On Sunday 9 April, hundreds of people turned out to the WW100 Scotland Service at Faubourg d’Amiens Cemetery in Arras, France to commemorate the centenary of the Battle of Arras.
The Service, conducted by the Moderator of the General Assembly of the Church of Scotland, was attended by dignitaries, descendants and hundreds of young people.
Wreaths were laid by Lord Llewellyn, British Ambassador to France; M Marc Del Grande, Secretary General of the Pas de Calais Prefecture; Vice Admiral Sir Tim Laurence, Vice Chair of the Commonwealth War Graves Commission: M Frederique Leturque, Mayor of Arras; and Professor Norman Drummond, Chair of the Scottish Commemorations Panel. In a symbolic gesture, a school pupil from Scotland and one from France laid a wreath together on behalf of the UK, French, Canadian, New Zealand, Australian and South African nations who fought in the Battle. Singer Amy Hawthorn from West Lothian led the singing of the national anthems.
For Cadet Melissa Rodger, one of 12 cadets that had travelled from Scotland to take part in the commemorations, handing a wreath to one of the wreath layers was all the more poignant as her Great Uncle was killed in the battle on May 3, 1917.
Seventy two S3 history pupils representing each local authority in Scotland attended the service, after which they placed poppy crosses on the graves of Battle of Arras casualties as pipers played Flowers of the Forest.
The Battle of Arras had the highest concentration of Scottish troops fighting in a single battle during World War One. The average daily casualty rate was 4,076, which was higher than that at The Somme or the Third Battle of Ypres. Of the approximate total 159,000 casualties, around a third were Scottish and of those Scots injured an estimated 18,000 lost their lives – the equivalent population of a Scottish town such as Dumbarton, Peterhead or St Andrews or the approximate capacity of the Hibs or Hearts grounds at Easter Road and Tynecastle.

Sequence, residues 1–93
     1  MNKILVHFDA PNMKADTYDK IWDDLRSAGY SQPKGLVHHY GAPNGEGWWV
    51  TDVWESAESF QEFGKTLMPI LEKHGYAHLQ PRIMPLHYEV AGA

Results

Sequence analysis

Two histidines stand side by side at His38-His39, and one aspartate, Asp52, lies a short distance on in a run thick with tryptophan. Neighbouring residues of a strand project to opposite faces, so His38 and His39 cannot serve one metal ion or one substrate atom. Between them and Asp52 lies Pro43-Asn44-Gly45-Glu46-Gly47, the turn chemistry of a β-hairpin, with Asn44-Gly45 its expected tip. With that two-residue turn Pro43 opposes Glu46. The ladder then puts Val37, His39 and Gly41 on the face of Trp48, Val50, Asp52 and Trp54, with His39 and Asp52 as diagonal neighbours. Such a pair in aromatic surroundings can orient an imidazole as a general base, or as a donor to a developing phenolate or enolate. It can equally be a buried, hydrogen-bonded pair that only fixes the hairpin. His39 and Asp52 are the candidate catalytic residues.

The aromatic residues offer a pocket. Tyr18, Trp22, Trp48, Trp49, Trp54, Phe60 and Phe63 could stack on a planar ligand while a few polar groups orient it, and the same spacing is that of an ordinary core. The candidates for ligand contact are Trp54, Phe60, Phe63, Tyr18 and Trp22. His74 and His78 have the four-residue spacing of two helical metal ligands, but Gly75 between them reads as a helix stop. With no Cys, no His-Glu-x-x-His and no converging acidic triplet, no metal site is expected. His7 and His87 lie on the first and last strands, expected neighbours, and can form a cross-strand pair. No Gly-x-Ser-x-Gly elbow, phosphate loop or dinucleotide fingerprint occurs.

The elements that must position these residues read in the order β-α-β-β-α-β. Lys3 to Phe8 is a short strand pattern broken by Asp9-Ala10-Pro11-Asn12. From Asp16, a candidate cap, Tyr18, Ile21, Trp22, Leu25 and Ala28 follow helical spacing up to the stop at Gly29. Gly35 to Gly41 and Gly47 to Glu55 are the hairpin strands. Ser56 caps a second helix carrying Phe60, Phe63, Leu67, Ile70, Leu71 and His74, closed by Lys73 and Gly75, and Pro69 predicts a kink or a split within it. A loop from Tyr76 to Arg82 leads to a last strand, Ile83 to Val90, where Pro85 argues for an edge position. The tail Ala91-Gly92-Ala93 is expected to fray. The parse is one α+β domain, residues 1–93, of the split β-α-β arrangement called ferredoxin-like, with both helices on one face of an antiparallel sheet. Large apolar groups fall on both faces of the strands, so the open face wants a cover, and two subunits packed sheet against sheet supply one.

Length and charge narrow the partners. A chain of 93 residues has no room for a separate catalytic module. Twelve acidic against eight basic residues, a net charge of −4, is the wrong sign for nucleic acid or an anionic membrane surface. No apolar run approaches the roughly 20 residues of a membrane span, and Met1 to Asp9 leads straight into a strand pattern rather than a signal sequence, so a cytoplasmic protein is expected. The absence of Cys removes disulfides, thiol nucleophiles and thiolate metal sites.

This service was be followed by a Beating Retreat by the Pipes & Drums and Military Band of the Royal Regiment of Scotland in Place des Héros in Arras. In Edinburgh, a service being held within the Scottish National War Memorial was be shown on a large screen on the Castle Esplanade, followed by a Beating Retreat by the Band of HM Royal Marines Scotland.
First Minister Nicola Sturgeon, who was in France for the Vimy Ridge and Beating Retreat commemorations, said:
“Forty four Scottish battalions and seven Scottish-named Canadian battalions took part in the Battle of Arras – the highest concentration of Scottish troops fighting in a single battle during World War One.
“Pupils representing every local authority in Scotland are in Arras this weekend to learn more about its impact. These young people are not much younger than many of those who fought in the battle – many of whom never returned to Scotland.
“Education is an important part of our commemorative programme – ensuring pupils understand the impact and significance of the battle, and share what they have learned with their peers and wider community.”
The WW100 Scotland commemorations were organised by the Scottish Commemorations Panel in conjunction with Legion Scotland, the Commonwealth War Graves Commission and the Armed Forces in Scotland.